Scotland’s deputy first minister says the SNP “fully engaged” with the UK Government’s freeports plan amid claims he is playing “political games”.
Talks collapsed between the two governments earlier this year over how to set up ports with the ability to defer tax until products are moved on.
Douglas Lumsden, Conservative MSP for the north-east, accused Mr Swinney of “playing petty politics with thousands of jobs”.
Interest has been shown from ports in Aberdeen, Peterhead, Cromarty Fith, Dundee and Grangemouth.
Speaking in the Holyrood chamber, the deputy first minister said the Scottish Government has “fully engaged with the UK Government’s freeport agenda”.
However he pointed to remarks made by Scottish Secretary Alister Jack on Monday when he told the Scottish Affairs Committee at Westminster that the governments “disagreed” over paying the real living wage at the sites.
The real living wage is voluntarily paid by almost 9,000 UK businesses who pay a wage related to living costs.
Mr Swinney claimed the Tories are “only interested in perpetuating low pay”, as he criticised them for failing to commit to the payment of the higher wage.
SNP Trade Minister Ivan McKee had been moving to an agreement in the summer, but could not get the Scottish Secretary to adopt red-line requests, including around pay.
The deputy first minister told MSPs said a key obstacle is the real living wage.
“The Conservatives want to support a low-wage economy,” he claimed.
Mr Lumsden urged the Scottish Government to “get back round the table with the UK Government for the benefit of ports like Aberdeen and Peterhead”.
A total of eight freeport locations have been selected across England, with the UK Government committed to establishing “at least one” each in Scotland, Wales and Northern Ireland.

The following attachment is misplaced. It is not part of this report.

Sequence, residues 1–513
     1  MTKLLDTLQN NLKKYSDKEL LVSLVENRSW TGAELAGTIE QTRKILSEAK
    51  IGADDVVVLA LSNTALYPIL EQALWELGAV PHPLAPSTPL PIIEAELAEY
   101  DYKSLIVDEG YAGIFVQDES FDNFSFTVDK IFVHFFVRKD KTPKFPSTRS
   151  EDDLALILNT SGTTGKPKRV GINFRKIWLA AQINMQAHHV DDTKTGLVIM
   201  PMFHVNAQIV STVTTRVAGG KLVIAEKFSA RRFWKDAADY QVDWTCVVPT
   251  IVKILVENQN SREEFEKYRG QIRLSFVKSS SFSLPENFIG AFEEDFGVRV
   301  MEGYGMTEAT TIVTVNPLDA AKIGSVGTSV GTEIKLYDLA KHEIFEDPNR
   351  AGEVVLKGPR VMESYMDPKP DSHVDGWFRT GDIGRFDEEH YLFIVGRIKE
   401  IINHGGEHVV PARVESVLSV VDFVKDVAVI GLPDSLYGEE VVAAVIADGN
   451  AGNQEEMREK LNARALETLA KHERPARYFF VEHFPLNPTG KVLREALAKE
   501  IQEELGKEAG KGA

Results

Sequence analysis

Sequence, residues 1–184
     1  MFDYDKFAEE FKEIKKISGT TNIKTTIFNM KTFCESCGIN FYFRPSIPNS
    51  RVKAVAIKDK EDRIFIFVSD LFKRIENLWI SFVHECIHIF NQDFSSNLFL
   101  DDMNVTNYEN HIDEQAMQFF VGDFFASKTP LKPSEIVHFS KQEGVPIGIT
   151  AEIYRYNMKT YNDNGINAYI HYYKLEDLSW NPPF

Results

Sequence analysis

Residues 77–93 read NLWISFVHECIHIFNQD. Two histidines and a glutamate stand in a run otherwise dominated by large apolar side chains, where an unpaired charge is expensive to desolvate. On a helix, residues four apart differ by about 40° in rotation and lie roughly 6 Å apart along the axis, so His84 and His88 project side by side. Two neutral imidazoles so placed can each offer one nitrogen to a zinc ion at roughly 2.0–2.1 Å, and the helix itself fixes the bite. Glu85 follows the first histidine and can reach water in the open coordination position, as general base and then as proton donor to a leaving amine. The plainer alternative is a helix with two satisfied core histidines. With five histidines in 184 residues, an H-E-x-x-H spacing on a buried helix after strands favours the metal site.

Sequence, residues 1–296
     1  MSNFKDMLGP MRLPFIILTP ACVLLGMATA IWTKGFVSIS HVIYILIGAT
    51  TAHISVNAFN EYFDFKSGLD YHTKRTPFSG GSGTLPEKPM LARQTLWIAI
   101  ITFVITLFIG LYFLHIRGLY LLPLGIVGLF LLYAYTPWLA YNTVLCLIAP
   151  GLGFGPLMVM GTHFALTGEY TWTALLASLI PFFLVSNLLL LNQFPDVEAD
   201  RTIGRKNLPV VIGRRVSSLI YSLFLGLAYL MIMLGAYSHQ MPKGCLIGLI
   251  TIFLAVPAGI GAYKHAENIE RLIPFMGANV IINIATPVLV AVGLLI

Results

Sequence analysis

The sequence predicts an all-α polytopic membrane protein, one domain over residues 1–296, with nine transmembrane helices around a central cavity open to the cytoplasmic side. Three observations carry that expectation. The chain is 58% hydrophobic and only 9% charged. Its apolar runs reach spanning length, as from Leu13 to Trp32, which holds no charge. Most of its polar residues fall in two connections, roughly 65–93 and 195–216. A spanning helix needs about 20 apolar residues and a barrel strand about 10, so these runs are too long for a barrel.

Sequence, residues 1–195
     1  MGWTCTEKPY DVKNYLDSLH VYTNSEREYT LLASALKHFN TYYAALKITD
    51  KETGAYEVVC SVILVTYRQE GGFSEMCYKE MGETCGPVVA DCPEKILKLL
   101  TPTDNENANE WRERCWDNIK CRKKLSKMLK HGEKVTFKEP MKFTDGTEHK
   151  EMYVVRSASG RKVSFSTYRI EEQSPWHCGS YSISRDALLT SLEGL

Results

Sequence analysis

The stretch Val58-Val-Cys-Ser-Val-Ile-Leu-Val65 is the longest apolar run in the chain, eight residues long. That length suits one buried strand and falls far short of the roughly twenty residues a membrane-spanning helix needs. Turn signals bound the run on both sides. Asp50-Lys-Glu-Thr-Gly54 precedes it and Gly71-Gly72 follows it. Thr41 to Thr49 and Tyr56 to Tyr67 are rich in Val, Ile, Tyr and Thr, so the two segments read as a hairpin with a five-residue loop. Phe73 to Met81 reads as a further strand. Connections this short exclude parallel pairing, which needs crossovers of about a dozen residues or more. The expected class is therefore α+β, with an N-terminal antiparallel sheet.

Mr Lumsden added: “Both Aberdeen and Peterhead have voiced strong support in wanting to be a part of the UK Government’s freeport development which will drive up investment and create jobs.
“But as always, John Swinney and the SNP want to turn their back on the north-east to suit their obsession with separation.
“The transformative Teeside Freeport opened for business last month, creating 18,000 jobs while generating billions of pounds for the local economy and the same can be done with the north-east.
“Yet despite this, John Swinney chooses to play political games and is willing to cause harm to our region in the process.”
Real living wage
Speaking to the Scottish Affairs Committee on Monday, the Scottish Secretary said “where we disagreed is the real living wage” instead favouring the minimum wage.
He said the real living wage – which is voluntary – is not a legal requirement and is “not something that’s within our control”.
Mr Jack added: “The UK freeport model, we want it to be competitive in Scotland so it attracts the inward investment and it attracts the jobs so we don’t want to put it at a disadvantage which creating a higher wage structure would do.
“We want the freeports in Scotland to have the same terms and conditions as the freeports.”